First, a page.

Furthermore, the applicant, previous to the present invention, was required to keep in stock approximately 15 separate different size vibratory units to properly serve the industry. However, with the present invention, the applicant only needs to keep in stock two different size housings--a small housing and a large housing--and 15 different size eccentric weights. This dramatically reduces the cost of inventory. Furthermore, it dramatically decreases the cost of manufacturing the units.

For the customer, it dramatically decreases the cost through increased reliability and decreased maintenance. Additionally, the operator is able to rapidly remove the eccentric weights and put on other weights should the conditions or the products being conveyed or separated change, without having to remove the assembly and put on a new assembly. Consequently, the invention provides a dramatically more versatile unit than is presently available.

In compliance with the statute, the invention has been described in language more or less specific as to structural features. It is to be understood, however, that the invention is not limited to the specific features shown, since the means and construction herein disclosed comprise a preferred form of putting the invention into effect. The invention is, therefore, claimed in any of its forms or modifications within the proper scope of the appended claims, appropriately interpreted in accordance with the doctrine of equivalents.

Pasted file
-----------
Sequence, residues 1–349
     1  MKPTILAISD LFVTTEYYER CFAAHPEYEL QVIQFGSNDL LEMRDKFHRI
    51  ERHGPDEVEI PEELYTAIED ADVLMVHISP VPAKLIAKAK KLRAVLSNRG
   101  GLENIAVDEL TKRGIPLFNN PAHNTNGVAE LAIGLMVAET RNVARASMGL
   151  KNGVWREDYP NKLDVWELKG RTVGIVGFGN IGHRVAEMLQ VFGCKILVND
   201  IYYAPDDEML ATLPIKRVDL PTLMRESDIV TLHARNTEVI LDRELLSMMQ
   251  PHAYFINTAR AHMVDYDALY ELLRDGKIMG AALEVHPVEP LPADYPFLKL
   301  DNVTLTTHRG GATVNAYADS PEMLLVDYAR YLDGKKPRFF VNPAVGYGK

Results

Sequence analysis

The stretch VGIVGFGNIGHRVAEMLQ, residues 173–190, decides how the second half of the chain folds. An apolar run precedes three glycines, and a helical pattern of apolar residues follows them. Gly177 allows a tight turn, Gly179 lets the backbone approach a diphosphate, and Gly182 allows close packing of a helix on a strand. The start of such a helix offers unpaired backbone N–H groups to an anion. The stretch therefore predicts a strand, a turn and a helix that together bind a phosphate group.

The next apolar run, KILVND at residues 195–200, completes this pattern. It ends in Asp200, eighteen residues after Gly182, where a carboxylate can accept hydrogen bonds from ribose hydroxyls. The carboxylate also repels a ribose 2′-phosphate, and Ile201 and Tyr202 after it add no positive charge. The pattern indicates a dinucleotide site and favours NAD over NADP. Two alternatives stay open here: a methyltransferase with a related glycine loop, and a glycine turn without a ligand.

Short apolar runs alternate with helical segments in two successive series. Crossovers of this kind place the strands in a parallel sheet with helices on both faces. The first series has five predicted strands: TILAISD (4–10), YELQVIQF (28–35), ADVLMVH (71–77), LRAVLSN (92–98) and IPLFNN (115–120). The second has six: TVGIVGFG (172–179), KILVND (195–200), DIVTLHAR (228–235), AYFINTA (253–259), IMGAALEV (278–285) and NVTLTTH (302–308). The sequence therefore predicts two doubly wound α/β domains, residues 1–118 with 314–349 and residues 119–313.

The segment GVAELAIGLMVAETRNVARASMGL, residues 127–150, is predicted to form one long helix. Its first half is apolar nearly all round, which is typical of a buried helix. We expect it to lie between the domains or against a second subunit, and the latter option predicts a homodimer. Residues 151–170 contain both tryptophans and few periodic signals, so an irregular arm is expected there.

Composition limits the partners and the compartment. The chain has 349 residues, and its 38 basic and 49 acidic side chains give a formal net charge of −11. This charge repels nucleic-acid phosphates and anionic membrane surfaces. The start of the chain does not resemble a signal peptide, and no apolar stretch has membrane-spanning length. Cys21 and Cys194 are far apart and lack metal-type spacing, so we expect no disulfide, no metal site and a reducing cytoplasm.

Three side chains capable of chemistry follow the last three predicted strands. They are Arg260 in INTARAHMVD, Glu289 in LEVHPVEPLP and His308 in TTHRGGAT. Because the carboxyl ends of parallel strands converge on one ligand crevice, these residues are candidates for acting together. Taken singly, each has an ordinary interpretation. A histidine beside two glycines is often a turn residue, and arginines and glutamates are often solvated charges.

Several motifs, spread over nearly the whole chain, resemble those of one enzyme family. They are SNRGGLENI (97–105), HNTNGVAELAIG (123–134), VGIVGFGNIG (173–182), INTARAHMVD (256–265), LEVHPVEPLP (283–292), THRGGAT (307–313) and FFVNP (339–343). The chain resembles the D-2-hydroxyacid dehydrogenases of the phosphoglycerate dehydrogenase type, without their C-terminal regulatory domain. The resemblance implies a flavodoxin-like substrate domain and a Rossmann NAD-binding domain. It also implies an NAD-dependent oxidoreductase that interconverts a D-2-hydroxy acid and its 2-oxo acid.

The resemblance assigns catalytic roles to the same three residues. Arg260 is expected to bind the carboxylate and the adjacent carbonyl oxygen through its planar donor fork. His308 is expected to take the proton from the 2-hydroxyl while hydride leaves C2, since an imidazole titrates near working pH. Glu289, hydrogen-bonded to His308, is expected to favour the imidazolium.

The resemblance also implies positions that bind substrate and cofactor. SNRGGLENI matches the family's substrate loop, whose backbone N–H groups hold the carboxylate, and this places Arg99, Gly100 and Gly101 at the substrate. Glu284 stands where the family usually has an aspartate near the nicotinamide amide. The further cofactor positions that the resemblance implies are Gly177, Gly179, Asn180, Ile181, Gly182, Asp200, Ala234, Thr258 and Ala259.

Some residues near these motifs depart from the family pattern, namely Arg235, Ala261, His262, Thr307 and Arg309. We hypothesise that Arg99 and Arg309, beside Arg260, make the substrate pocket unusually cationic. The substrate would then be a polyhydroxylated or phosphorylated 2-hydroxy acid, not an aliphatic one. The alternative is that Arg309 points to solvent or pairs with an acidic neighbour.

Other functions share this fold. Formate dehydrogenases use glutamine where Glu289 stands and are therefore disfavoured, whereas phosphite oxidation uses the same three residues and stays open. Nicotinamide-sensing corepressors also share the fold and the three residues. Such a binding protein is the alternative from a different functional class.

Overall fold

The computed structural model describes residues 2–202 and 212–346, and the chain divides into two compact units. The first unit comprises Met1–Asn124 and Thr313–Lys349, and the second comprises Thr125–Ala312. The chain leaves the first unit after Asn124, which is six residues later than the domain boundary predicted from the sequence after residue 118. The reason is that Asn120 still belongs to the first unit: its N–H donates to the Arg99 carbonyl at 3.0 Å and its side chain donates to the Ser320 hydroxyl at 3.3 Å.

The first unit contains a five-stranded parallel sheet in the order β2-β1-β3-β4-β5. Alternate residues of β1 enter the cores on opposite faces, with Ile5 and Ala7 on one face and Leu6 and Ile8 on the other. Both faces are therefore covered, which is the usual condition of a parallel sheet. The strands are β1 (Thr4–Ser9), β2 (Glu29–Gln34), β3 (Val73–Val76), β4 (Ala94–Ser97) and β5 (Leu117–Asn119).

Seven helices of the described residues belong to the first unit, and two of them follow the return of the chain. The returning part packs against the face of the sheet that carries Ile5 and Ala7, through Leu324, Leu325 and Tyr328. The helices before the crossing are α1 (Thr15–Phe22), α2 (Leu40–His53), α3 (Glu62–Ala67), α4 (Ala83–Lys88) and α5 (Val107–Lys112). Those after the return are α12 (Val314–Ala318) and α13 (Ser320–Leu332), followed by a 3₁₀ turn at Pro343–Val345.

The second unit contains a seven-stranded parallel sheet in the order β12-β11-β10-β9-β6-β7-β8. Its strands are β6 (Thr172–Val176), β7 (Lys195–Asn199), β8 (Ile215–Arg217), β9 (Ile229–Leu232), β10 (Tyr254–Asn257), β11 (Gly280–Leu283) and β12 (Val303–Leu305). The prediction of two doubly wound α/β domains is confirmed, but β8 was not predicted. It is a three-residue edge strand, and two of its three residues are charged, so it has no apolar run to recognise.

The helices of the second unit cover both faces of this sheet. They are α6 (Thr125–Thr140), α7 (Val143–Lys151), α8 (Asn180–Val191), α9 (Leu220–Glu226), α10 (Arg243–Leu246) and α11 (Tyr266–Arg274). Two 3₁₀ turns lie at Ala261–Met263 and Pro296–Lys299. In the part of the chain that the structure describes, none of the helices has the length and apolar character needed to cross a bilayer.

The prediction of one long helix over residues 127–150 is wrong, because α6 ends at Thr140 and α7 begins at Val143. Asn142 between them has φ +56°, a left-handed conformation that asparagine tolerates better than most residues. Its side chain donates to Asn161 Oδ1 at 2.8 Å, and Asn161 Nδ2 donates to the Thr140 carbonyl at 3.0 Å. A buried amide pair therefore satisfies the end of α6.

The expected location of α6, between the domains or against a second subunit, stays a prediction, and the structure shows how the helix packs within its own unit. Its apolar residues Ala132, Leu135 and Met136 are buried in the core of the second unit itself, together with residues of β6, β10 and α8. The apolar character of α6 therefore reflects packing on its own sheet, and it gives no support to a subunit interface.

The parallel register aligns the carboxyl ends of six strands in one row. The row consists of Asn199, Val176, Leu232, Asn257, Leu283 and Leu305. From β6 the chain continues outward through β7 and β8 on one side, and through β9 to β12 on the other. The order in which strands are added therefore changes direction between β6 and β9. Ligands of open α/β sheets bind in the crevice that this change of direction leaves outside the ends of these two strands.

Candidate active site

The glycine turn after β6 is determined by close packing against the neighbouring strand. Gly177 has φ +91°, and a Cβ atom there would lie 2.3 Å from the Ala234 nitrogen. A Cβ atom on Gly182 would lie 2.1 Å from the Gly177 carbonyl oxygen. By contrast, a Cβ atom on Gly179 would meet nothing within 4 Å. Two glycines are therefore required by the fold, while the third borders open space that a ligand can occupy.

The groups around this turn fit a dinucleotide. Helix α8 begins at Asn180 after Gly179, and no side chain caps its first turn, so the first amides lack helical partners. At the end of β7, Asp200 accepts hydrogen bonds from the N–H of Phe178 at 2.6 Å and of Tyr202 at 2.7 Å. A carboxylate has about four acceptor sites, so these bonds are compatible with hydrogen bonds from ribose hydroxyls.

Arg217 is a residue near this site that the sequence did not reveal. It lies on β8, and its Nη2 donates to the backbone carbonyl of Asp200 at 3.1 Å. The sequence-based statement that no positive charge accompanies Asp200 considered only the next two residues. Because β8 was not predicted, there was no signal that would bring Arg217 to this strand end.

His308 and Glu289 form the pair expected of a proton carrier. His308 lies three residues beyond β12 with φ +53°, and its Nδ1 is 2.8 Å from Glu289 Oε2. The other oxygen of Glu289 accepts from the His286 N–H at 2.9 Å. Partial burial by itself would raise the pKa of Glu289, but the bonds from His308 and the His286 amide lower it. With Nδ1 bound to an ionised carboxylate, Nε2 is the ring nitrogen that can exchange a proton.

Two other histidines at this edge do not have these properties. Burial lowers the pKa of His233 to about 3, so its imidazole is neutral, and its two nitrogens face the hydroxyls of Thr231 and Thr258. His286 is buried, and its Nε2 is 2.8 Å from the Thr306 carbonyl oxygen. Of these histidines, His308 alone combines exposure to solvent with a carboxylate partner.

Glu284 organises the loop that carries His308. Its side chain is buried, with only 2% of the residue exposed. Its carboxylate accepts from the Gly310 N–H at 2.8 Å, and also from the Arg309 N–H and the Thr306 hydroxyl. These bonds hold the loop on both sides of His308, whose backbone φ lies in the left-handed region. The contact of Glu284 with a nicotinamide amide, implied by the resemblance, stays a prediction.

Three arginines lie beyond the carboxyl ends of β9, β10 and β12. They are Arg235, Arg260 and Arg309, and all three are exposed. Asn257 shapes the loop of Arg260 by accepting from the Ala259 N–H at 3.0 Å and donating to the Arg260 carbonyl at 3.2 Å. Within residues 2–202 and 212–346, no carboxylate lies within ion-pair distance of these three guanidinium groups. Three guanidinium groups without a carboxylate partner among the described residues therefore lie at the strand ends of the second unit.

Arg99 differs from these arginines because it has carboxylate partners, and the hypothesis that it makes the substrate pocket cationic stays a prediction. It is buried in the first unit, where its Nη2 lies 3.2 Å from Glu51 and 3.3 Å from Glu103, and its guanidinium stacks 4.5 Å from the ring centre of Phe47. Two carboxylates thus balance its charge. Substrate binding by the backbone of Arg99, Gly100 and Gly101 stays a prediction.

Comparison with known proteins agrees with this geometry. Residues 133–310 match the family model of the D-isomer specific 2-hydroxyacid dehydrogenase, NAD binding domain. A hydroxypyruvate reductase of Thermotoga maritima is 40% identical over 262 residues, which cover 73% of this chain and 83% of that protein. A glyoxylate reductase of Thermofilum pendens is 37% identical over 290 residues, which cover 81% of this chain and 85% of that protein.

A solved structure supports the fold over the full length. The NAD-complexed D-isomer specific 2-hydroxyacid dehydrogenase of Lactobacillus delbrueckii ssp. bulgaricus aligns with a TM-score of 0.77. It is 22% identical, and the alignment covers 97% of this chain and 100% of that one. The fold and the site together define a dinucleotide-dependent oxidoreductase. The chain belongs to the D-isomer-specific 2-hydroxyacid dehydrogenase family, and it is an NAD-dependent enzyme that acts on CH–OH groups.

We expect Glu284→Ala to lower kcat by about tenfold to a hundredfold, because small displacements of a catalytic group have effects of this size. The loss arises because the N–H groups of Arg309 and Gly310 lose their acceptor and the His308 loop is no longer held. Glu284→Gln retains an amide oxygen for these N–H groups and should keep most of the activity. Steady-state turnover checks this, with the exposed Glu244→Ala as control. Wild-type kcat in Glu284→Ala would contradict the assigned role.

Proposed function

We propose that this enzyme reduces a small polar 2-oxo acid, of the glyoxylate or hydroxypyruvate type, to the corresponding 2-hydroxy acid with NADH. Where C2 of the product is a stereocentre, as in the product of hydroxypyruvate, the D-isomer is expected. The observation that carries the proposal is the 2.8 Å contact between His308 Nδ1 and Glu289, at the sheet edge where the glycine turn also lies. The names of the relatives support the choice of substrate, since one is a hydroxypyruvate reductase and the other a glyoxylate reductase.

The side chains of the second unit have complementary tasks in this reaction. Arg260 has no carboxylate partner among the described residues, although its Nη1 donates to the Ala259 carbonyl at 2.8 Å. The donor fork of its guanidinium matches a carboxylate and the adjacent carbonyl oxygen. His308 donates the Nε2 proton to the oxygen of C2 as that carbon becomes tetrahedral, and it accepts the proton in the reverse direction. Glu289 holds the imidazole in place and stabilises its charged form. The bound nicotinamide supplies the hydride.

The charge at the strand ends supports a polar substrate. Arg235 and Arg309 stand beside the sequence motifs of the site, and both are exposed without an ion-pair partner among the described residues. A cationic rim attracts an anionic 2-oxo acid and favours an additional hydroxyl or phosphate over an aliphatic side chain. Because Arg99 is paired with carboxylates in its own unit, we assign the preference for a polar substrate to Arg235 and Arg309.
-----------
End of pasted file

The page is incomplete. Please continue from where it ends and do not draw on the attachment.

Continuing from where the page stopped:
Claims (9)

We claim:
1. A gear coupled, counter-rotating vibratory drive assembly comprising:
a housing for operatively connecting to a device to be vibrated in a desired linear motion;
said housing having a prescribed length with an elongated central gear box compartment formed therein;
a drive shaft extending through the gear box compartment and rotatably supported by drive shaft support bearings for rotation about a drive shaft axis;
said drive shaft having a central gear section intermediate the drive shaft support bearings and end section extending outward from the central gear section and the drive shaft support bearings exterior of the gear box compartment;
a drive gear having a prescribed diameter mounted on the central gear section for rotation with the drive shaft within the gear box compartment;
a driven shaft extending through the gear box compartment and rotatably supported by driven shaft support bearing for rotation about a driven shaft axis that is parallel with the drive shaft axis;
said driven shaft having a central gear section intermediate the driven shaft support bearings and end sections extending outward from the central gear section and the driven shaft support bearings, exterior of the gear box compartment;